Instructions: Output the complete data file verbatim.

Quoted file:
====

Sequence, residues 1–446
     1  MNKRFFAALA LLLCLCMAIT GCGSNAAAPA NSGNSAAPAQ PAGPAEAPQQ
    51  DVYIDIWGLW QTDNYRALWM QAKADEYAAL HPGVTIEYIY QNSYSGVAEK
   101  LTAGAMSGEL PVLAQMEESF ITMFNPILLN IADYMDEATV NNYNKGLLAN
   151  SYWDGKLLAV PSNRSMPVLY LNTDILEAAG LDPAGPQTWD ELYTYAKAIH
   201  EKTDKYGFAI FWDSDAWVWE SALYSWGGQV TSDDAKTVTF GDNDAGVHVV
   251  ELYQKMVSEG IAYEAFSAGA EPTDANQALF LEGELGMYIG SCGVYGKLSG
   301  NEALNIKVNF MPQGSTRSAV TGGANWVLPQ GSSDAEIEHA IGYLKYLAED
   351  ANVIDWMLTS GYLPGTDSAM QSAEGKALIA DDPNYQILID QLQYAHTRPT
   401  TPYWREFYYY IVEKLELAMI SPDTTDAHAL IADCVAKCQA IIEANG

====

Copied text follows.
Sequence, residues 1–446
     1  MNKRFFAALA LLLCLCMAIT GCGSNAAAPA NSGNSAAPAQ PAGPAEAPQQ
    51  DVYIDIWGLW QTDNYRALWM QAKADEYAAL HPGVTIEYIY QNSYSGVAEK
   101  LTAGAMSGEL PVLAQMEESF ITMFNPILLN IADYMDEATV NNYNKGLLAN
   151  SYWDGKLLAV PSNRSMPVLY LNTDILEAAG LDPAGPQTWD ELYTYAKAIH
   201  EKTDKYGFAI FWDSDAWVWE SALYSWGGQV TSDDAKTVTF GDNDAGVHVV
   251  ELYQKMVSEG IAYEAFSAGA EPTDANQALF LEGELGMYIG SCGVYGKLSG
   301  NEALNIKVNF MPQGSTRSAV TGGANWVLPQ GSSDAEIEHA IGYLKYLAED
   351  ANVIDWMLTS GYLPGTDSAM QSAEGKALIA DDPNYQILID QLQYAHTRPT
   401  TPYWREFYYY IVEKLELAMI SPDTTDAHAL IADCVAKCQA IIEANG